ULM’s Black History Month Program to be held Feb. 24
The University of Louisiana Monroe Cultural Diversity Council and the Office of International Student Programs and Cultural Affairs present “A Black History Program” at 10 a.m. on Friday, February 24, at Bayou Pointe Event Center.
The program will feature keynote speaker, Dr. Stephen Peters. Peters has spent 37+ years in the education realm as a classroom teacher, assistant principal, principal, director of secondary education, and superintendent. Most of his experiences have been in schools with significant, quick growth, resulting in both national and state blue-ribbon distinction.
Dr. Peters is the past President of the Board of Directors of the International Literacy Association and President of The Peters Group, a national education consulting company. Dr. Peters is also a best-selling author of several books including “Choosing to Believe: Creating a Framework for School Success,” “Do You Know Enough About Me To Teach Me,” and “Inspired to Learn: Why We Must Give Children Hope.”
“We are excited to experience the passion and enthusiasm that Dr. Peters conveys when he speaks of cultivating diversity and cultural awareness in our educational systems and practices,” said Gina White, Director of International Student Programs and Cultural Coordinator in ULM’s Office of Diversity, Equity, and Inclusion.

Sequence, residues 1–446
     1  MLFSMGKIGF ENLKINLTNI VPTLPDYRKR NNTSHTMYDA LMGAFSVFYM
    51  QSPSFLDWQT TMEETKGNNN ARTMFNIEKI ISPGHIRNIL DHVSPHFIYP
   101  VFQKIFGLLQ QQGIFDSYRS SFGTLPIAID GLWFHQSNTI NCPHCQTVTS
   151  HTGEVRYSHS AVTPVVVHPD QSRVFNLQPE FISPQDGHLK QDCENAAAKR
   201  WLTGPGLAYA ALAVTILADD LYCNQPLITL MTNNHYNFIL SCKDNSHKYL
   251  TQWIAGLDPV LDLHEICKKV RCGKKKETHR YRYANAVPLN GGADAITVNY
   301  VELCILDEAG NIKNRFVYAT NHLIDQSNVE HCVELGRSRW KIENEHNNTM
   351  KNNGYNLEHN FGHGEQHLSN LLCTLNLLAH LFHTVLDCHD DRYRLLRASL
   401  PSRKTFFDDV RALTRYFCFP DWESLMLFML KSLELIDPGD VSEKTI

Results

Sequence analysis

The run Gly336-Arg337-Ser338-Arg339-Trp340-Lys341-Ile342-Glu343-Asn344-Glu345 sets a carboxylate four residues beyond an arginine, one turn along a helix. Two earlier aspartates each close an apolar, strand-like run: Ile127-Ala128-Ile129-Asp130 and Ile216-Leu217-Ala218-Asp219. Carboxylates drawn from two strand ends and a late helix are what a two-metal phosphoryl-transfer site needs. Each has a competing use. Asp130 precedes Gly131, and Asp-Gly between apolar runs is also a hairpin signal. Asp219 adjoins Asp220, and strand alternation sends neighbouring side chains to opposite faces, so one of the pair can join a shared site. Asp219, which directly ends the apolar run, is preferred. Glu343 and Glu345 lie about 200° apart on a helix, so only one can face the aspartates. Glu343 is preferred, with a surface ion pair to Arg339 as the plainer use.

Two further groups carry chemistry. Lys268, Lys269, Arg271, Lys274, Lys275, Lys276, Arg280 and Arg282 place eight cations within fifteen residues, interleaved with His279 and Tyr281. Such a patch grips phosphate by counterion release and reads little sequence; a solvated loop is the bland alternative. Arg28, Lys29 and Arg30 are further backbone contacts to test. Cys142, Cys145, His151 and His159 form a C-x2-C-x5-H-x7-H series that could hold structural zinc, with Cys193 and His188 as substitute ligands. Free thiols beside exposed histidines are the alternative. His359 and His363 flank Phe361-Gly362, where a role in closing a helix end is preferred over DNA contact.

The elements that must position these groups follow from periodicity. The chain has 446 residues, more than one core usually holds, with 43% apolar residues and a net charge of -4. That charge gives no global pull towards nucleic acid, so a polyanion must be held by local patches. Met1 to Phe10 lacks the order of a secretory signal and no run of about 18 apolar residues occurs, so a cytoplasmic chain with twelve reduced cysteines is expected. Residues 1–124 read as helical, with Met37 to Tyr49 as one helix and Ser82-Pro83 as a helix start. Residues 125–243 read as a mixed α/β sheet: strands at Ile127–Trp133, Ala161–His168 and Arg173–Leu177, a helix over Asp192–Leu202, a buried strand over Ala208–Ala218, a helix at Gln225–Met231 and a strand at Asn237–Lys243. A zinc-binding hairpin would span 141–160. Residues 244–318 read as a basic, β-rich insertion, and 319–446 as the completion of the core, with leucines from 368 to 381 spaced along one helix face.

This year’s program will also highlight the talent of ULM students and youth within the community through vocal, instrumental and dance performances.
Randall Hughes, the Vice President of ULM’s Cultural Diversity Council, said the BHM program showcases black students, young and old, who can achieve as vastly as those from the past.
“The BHM program gives people of African descent at ULM the feeling of ‘belongingness,’” Hughes said. “For ULM to put an emphasis on Black History Month not only reaches the students on campus but also causes a chain reaction to the high schools around Monroe and West Monroe.”
This year’s BHM theme is “Black Resistance” to remember the historic and ongoing oppression African Americans face. The theme embraces achievements, successes, and progress Black people have made through resistance. According to the Association for the Study of African American Life and History, “this is a call to everyone… to study the history of Black Americans’ responses to establish safe spaces, where Black life can be sustained, fortified and respected.”